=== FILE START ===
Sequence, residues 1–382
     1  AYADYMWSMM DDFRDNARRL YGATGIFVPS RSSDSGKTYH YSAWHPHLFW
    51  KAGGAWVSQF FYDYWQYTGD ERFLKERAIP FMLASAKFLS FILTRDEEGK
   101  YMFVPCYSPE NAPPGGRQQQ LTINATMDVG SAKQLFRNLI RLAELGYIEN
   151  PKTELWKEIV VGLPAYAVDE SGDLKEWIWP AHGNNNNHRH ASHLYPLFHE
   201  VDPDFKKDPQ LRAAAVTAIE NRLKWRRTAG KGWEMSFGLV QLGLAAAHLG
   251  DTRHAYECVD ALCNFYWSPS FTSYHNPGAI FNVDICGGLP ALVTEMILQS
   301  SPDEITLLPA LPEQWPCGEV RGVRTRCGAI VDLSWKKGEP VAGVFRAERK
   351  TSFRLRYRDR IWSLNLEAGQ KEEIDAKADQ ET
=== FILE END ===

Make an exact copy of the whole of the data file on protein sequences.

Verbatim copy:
Sequence, residues 1–382
     1  AYADYMWSMM DDFRDNARRL YGATGIFVPS RSSDSGKTYH YSAWHPHLFW
    51  KAGGAWVSQF FYDYWQYTGD ERFLKERAIP FMLASAKFLS FILTRDEEGK
   101  YMFVPCYSPE NAPPGGRQQQ LTINATMDVG SAKQLFRNLI RLAELGYIEN
   151  PKTELWKEIV VGLPAYAVDE SGDLKEWIWP AHGNNNNHRH ASHLYPLFHE
   201  VDPDFKKDPQ LRAAAVTAIE NRLKWRRTAG KGWEMSFGLV QLGLAAAHLG
   251  DTRHAYECVD ALCNFYWSPS FTSYHNPGAI FNVDICGGLP ALVTEMILQS
   301  SPDEITLLPA LPEQWPCGEV RGVRTRCGAI VDLSWKKGEP VAGVFRAERK
   351  TSFRLRYRDR IWSLNLEAGQ KEEIDAKADQ ET